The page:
“And I knew what she meant,” Andrews said. “She went on to tell a story about her experience with media and how the extreme was shown and how they went and photographed the snake handlers” – an isolated Christian sect that sometimes integrates venomous snakes into its spiritual practices. The West Virginian churchgoer wasn’t protesting the fact that the media had featured snake handlers in the past, but she objected to those images reflecting “the only representation” of her community – “that extreme view of religion,” Andrews said.

When news coverage capitalizes on extremes for the sake of web traffic or ratings, it widens the divide between journalists and the communities they cover.

“It’s really poignant to people,” Andrews said. “That’s where that lack of trust” originates.

Comprehensive, authoritative, nuanced news coverage is increasingly difficult to find in large part because local news outlets, which know their communities the best, have been crushed by the decline of print advertising revenue and paid subscriptions. Their decline has national consequences. In the absence of strong, local outlets – which thrived on trusted personal relationships between journalists and the community – the attention of news consumers has shifted toward national outlets and often extremely partisan online communities that foster polarization through social media. Plus, the news industry’s pivot toward emphasizing reader metrics to maximize revenue has unfortunately led to more sensational headlines and less intricacy in many quarters. Consequently, readers and viewers have grown increasingly cynical about the news content they encounter.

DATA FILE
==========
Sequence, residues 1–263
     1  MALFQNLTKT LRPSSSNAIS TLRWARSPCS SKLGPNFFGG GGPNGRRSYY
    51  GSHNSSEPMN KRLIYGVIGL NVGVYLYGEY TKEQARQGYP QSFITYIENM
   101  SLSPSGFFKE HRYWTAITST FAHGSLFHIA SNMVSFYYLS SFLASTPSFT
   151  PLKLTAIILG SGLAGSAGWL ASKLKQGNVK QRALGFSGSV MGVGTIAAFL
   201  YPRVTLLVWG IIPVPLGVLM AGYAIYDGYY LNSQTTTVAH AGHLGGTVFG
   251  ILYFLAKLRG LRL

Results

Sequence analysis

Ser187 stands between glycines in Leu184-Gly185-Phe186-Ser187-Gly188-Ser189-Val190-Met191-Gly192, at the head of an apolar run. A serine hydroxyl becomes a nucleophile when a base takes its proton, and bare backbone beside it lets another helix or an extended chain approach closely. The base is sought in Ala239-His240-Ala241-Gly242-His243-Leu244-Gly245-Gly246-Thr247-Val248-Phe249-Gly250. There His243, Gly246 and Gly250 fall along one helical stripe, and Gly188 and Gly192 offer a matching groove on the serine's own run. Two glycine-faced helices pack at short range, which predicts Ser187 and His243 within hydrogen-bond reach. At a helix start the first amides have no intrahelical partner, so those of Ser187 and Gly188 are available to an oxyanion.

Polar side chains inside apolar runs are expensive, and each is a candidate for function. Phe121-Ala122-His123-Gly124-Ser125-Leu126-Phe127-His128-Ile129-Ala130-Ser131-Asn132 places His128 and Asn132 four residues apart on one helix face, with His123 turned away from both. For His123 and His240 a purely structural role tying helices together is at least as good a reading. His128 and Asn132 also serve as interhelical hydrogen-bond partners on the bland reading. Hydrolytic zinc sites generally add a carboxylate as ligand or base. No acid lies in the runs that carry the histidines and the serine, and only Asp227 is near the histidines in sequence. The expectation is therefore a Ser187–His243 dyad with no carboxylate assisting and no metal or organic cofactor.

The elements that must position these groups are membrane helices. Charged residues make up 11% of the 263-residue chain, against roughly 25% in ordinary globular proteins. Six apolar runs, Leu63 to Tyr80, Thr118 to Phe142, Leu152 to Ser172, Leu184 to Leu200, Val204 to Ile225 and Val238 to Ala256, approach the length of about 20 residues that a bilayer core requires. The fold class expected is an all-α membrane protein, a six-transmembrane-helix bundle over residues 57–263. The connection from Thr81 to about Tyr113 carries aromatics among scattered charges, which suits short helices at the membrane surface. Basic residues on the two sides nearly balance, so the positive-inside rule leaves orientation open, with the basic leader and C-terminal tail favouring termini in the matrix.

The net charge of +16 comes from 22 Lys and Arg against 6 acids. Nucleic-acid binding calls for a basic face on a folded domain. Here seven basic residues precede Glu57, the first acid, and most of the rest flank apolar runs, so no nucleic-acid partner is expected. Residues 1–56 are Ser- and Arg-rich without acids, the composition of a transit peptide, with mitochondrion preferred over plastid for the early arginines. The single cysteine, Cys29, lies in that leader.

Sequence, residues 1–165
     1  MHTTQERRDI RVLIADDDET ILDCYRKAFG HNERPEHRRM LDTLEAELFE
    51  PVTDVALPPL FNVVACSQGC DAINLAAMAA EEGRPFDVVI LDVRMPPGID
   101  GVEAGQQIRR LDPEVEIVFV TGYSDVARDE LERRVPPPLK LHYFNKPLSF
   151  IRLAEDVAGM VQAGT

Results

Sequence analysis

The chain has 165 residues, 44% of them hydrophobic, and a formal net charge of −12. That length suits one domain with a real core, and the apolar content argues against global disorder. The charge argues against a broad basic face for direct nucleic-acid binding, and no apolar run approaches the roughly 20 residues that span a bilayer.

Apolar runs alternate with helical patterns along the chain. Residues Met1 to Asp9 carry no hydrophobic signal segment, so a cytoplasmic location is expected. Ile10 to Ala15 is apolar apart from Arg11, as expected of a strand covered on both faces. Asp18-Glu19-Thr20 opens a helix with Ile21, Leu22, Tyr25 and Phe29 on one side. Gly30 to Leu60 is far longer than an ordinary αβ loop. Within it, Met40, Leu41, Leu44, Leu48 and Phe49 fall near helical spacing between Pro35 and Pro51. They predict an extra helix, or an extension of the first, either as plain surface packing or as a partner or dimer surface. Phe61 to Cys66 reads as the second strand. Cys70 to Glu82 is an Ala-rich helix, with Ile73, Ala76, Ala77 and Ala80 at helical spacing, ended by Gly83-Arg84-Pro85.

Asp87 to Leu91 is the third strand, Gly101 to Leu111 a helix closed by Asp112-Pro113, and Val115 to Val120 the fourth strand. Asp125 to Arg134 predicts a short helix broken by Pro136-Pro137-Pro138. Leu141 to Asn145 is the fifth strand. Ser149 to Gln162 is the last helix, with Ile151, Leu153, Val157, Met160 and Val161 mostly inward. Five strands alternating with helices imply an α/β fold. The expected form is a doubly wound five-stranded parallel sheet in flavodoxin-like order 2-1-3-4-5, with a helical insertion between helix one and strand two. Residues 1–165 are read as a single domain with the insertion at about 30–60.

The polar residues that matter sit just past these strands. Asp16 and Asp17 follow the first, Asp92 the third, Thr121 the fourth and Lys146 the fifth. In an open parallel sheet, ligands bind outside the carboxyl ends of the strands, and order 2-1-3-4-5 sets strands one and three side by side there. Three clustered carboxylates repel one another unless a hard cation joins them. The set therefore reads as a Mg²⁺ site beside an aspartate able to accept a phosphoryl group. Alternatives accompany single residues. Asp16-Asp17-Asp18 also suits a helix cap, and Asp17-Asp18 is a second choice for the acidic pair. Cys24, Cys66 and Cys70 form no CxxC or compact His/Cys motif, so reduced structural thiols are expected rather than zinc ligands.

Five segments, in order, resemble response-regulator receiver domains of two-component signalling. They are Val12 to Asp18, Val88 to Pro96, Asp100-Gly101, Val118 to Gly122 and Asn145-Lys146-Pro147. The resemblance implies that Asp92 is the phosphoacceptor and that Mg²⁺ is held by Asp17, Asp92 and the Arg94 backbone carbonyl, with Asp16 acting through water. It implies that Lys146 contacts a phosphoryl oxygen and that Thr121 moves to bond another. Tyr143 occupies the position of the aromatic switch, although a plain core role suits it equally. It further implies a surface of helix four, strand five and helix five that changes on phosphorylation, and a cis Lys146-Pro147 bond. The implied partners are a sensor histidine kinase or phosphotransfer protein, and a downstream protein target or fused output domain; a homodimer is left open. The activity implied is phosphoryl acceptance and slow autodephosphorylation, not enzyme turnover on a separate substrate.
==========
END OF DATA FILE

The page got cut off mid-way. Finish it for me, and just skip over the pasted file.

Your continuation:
About six in ten Americans “think news organizations do not understand people like them,” according to a Pew Research Center poll conducted from February through March 2020. That includes 61% of white people, 58% of Black people, and 55% of Hispanic people.